Earlier this week, German research group ZSW announced that it had wrestled back the conversion efficiency for CIGS technology. Its record 21.7%, on a very small CIGS cell, is certainly a striking result, and one that once again points to the potential of the technology. pv magazine spoke to ZSW head Michael Powalla about whats going on under the hood to achieve such a milestone.
pv magazine: The 21.7% CIGS world record conversion efficiency was achieved on a 0.5cm squared cell. How challenging will it be for manufacturers to approach similar efficiencies at a module level – with the difficulties in achieving deposition uniformity with CIGS absorber layers known to be a feature of the technology?
Michael Powalla: The 21.7% was reached on a lot of cells, so we already demonstrated the robustness of the process. However, if we go to large area production, there are losses due to interconnection of cells and statics. The new process seems to be very tolerant and could be scaled up. On the other hand, we see more room for improvement on the cell level. I would assume that we could see large area products in the range from 17% to 19% conversion efficiency.
Why do you believe the co-evaporation deposition method delivers good results for CIGS?
The co-evaporation method gives us more freedom for the optimization of the CIGS material. We can control things including beneficial material gradings by controlling the rates of each component. Also, we need only one machine doing deposition and crystallization at the same time. And importantly, it can be done at high speed. There was the problem in the past that large area equipment especially evaporation sources and reaction chambers were not available.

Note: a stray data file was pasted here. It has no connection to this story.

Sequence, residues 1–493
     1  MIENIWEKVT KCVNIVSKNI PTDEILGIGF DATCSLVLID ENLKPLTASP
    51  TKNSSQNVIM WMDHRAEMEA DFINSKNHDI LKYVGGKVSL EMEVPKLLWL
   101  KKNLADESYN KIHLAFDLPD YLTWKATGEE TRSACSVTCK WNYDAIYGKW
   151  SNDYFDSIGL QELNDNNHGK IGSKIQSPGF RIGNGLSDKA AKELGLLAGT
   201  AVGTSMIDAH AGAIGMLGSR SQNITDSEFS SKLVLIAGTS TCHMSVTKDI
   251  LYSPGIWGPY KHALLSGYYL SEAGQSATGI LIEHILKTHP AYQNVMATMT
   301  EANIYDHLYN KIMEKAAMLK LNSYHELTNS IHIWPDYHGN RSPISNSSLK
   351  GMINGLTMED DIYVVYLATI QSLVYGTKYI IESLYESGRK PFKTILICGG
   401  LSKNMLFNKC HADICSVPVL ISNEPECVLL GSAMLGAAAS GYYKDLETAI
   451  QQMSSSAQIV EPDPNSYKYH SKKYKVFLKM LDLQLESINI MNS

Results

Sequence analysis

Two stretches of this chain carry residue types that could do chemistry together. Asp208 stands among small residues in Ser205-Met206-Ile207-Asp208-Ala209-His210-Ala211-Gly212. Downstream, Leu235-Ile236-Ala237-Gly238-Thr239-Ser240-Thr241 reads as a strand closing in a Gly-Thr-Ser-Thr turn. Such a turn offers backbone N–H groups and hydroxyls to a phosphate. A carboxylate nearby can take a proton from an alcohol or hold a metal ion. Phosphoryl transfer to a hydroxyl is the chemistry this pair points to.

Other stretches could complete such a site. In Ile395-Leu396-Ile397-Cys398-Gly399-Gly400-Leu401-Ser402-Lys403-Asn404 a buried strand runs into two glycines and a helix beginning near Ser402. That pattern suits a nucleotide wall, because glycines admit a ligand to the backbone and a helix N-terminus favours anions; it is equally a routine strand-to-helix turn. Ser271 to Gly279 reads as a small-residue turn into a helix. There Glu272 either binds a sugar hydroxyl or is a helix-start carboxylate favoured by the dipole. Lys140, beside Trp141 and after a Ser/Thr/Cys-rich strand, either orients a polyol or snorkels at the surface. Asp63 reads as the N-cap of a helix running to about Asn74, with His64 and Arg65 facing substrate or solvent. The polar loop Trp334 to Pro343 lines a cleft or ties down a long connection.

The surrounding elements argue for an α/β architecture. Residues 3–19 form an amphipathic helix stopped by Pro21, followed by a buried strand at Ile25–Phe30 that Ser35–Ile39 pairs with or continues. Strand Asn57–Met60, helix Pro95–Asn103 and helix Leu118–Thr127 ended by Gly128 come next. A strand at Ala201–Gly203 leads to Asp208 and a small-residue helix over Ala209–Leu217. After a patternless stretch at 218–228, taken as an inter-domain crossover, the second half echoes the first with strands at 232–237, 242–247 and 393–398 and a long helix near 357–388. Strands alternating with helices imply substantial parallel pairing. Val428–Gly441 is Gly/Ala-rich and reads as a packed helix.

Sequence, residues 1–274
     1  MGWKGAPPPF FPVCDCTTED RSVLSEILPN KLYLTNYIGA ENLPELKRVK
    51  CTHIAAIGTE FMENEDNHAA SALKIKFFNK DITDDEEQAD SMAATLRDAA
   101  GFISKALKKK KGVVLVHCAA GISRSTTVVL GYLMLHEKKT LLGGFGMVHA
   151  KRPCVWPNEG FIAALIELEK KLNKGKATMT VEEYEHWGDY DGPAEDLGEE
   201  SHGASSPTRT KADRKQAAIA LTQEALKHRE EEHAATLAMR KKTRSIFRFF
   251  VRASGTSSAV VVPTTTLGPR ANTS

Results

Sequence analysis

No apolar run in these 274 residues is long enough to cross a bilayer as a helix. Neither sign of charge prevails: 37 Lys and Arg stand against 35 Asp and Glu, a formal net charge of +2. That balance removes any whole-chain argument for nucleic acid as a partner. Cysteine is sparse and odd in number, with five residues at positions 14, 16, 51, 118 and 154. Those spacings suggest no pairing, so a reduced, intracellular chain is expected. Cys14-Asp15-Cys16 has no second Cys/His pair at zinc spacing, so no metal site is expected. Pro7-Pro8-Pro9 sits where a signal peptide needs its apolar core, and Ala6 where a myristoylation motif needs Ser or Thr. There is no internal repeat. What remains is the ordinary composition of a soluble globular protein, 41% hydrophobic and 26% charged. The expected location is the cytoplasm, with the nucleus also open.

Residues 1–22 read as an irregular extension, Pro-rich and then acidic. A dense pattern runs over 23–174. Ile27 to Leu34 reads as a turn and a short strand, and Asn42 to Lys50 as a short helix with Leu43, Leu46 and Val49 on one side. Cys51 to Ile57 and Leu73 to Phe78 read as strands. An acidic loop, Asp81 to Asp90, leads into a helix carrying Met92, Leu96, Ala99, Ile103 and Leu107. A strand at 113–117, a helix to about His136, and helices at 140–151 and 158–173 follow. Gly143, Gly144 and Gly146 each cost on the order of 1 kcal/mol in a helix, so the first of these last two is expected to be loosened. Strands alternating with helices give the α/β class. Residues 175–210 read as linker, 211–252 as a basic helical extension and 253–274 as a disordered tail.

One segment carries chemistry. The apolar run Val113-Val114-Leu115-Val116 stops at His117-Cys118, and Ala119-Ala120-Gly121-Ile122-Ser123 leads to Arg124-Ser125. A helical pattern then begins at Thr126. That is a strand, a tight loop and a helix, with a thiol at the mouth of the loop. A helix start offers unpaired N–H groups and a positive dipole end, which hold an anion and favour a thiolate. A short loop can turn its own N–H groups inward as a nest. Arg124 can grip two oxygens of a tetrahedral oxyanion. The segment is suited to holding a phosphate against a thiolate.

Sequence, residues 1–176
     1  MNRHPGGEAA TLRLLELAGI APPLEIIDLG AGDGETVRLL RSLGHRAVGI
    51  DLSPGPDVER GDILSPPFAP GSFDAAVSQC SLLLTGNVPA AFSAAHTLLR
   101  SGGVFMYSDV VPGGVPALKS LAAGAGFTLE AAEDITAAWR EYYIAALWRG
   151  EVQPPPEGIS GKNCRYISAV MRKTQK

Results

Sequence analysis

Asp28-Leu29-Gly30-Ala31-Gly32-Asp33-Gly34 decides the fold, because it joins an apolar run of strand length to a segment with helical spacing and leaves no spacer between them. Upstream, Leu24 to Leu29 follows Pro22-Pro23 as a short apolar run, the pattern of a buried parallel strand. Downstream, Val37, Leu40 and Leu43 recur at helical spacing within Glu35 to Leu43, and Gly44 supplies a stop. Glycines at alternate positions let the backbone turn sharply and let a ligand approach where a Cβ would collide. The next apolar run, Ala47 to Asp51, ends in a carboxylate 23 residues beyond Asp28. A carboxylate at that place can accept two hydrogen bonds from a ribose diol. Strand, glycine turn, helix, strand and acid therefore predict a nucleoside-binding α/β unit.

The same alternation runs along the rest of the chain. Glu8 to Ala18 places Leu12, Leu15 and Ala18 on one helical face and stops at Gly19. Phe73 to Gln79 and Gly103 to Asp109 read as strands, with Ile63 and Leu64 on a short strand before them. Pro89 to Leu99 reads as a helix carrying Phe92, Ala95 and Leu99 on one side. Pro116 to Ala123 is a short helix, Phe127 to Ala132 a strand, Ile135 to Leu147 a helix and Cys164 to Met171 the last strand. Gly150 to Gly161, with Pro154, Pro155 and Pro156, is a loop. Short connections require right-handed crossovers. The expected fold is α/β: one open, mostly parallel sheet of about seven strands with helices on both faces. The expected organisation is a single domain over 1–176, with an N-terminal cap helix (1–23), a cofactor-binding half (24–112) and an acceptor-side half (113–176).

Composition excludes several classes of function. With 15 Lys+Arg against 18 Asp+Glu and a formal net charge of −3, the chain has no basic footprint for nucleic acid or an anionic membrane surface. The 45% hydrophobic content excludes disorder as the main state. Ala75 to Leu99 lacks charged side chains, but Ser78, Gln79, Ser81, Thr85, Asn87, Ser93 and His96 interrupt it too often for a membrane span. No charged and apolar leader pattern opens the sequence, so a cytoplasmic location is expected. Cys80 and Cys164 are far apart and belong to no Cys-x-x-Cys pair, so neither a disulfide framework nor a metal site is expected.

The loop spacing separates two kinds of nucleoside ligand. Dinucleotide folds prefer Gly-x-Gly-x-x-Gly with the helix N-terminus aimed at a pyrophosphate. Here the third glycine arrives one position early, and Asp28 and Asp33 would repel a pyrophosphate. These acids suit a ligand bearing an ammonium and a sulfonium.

This has changed now. In summary, I believe it is also demonstrated that co-evaporation delivers higher efficiency, higher throughput, and most importantly at the end, lower cost.
That you were able to achieve 21% efficiencies on a number of cells is a positive sign for your CIGS processes. What were some of the variables that the ZSW team was able to tweak to achieve the world record result?
We dont comment about that.
You collaborate with (equipment supplier) Manz on CIGS technology. Why do you believe in the future for CIGS is bright when c-Si continues to be the predominant technology in the industry?
This is very complex. The situation 2014 is characterized by overcapacities, mainly equipped with processes that are no more competitive. The PV producer must invest in new and cheaper, more productive, equipment. The only chance to bring down cost is to enhance efficiency and to go to highly automated thin-film technology. Polycrystalline Si will be replaced in the future by thin-film CIGS and a maybe also CdTe. The lab record efficiency of poly Si has not changed in more than 15 years!
At the EU PVSEC trade show pv magazine was a part of discussions in which CIGS was mentioned in variations on "stack cell" techniques as a next generation PV technology. Do you think there is strong potential for CIGS as a part of a semiconductor stack?
Yes, but people should be looking at the technology carefully. Due to the complexity of CIGS technology, only the carefully proven technologies are sustainable. Second movers should rely on proven technologies, otherwise it could take them years before commercialization.
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